Annex B: Evidence of Climate Change
Climate and climate change
Climate, at a very basic level, is the 'average weather' over a period of time at a particular location. By weather we mean a range of variables such as temperature, rainfall and wind. The standard period over which climate is measured, as defined by the World Meteorological Organisation ( WMO), is 30 years, however, in order to investigate the potential impacts of climate change, we have to look further into the future.
Climate change refers to a significant variation in the average climate, persisting over a long period of time (decades or more). Some climate change may be the result of natural processes ( climate variability), but climate change here refers to changes in global climate that have arisen or are predicted to arise because of human activity that has changed or is expected to change the gaseous composition of the Earth's atmosphere. 61
Greenhouse gases and the greenhouse effect
Changes to the composition of the Earth's atmosphere are caused by the release of GHG emissions from the burning of fossil fuels, such as coal, oil and gas. Greenhouse gases are the elements of the atmosphere, both natural and human-made, that absorb and emit radiation. Water vapour (H 2O), carbon dioxide ( CO 2), nitrous oxide (N 2O), methane ( CH4), and ozone (O 3) are the primary GHGs in the Earth's atmosphere. 62
The natural role of these gases is to trap the sun's heat in the Earth's atmosphere (after this heat has been reflected back off the earth's surface), warming the Earth's surface by over 30ûC to a level at which humans and other living things can survive (see figures 1 and 2 below). This is known as the 'natural greenhouse effect' and each greenhouse gas has a different capacity to cause such warming.
An increase in the concentration of GHGs in the atmosphere to well above the pre-industrial level and the level that would have occurred naturally is known as the 'enhanced greenhouse effect'. It is this enhanced greenhouse effect, caused by the burning of fossil fuels, which is leading to dangerous levels of climate change and which will pose significant risks to existing physical, biological and socio-economic systems.
Evidence of climate change
Absence of the Greenhouse Effect
The Greenhouse Effect
Climate change is undoubtedly a reality. Global temperatures rose by around 0.7ûC over the 20th century and 1998 was the warmest year since records began in 1861 with 2005 almost as warm. All of the evidence points to the primary cause of this warming being an increase in concentrations of GHGs in the atmosphere, as a result of human activities since the industrial revolution. The IPCC concluded in its most recent assessment report 63 that most of the observed warming over the last 50 years was attributable to human activities.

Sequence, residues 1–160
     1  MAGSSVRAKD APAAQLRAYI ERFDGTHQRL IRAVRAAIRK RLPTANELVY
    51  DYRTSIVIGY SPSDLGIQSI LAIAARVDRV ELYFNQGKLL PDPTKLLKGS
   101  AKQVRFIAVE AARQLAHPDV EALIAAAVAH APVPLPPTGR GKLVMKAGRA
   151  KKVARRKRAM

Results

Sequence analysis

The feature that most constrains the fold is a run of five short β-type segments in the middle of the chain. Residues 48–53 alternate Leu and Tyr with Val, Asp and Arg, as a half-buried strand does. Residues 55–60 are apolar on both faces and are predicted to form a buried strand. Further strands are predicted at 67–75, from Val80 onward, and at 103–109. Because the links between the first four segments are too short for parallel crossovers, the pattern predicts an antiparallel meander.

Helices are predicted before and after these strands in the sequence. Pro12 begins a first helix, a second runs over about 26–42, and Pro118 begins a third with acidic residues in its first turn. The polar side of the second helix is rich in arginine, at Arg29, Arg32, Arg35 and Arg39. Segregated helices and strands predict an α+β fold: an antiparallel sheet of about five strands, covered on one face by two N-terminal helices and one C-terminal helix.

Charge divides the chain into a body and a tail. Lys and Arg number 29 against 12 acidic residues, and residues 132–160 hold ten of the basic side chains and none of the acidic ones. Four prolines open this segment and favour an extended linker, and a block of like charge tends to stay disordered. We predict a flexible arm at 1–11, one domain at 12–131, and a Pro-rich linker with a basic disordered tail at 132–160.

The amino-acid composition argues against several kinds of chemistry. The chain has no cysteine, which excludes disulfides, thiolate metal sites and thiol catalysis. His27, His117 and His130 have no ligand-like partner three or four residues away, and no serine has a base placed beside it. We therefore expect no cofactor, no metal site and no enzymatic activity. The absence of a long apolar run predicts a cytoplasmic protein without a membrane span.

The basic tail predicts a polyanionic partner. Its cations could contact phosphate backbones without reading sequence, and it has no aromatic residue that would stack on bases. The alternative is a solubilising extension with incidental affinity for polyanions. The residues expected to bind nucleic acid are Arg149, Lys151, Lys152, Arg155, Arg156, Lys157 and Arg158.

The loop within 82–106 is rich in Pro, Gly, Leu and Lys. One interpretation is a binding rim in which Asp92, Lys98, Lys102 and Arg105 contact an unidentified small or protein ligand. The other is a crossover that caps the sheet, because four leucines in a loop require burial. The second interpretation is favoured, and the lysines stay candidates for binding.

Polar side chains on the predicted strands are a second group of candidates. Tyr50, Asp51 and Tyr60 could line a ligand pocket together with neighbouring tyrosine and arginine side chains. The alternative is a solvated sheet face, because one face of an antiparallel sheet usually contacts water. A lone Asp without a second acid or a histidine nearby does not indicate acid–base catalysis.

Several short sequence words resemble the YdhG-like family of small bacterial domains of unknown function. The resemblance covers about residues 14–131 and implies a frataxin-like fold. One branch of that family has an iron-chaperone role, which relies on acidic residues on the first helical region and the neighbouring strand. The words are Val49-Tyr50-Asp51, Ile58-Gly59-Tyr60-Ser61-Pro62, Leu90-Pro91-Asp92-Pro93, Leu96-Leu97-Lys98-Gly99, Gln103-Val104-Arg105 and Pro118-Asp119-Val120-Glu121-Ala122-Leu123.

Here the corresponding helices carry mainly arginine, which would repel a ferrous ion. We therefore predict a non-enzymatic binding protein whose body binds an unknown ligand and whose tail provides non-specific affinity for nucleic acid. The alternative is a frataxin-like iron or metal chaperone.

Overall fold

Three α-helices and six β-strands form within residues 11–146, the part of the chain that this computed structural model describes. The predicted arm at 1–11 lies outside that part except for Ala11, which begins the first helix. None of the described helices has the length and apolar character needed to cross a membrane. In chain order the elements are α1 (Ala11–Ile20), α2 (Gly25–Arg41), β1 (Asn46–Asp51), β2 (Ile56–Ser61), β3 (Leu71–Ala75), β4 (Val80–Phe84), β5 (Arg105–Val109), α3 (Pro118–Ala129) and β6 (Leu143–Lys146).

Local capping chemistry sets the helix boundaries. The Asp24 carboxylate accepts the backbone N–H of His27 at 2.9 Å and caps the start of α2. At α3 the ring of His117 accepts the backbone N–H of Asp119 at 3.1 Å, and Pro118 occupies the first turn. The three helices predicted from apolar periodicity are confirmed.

The worst impacts of climate change will be felt by those in the developing world. Rich nations are not immune, however, and Europe has recent first hand experience of the sorts of extreme weather events that will become increasingly common as a result of climate change. For example, widespread flooding devastated several central European cities in 2002, while an unprecedented heatwave led to around 35,000 additional deaths across Europe in 2003. And in 2004 parts of the UK, including Scotland, suffered the crippling effects of flash floods and landslips as a result of several heavy rainfall events. Whilst we cannot say that any one weather event is due to climate change, the frequency of extreme weather events like those mentioned above will increase because of it.
Evidence of human-made climate change
The IPCC, representing the consensus view of thousands of scientists across the world, observed in its Third Assessment Report64 that 'there is now stronger evidence that most of the warming observed over the last 50 years is attributable to human activities'. This evidence includes the following observations:
- levels of CO 2, the main GHG, have risen by more than a third since the industrial revolution and are now rising faster than every before;
- all of the 10 warmest years since records began have occurred since 1990, including each year since 1997;
- winter storms have doubled in frequency in the UK over the past 50 years;
- spring plants are blooming earlier in Scotland (on average three weeks earlier since 1978) 65 and the arrival of migrating birds, the onset of some bird breeding seasons and the emergence of insects have all been observed to occur earlier across much of the middle and high latitudes of the Northern Hemisphere;
- the area of snow cover in the Northern Hemisphere has decreased by 10% since the 1960s and there has been a significant retreat of glaciers in most regions of the world;
- large areas of fragile Antarctic ice shelves have broken-off in recent years;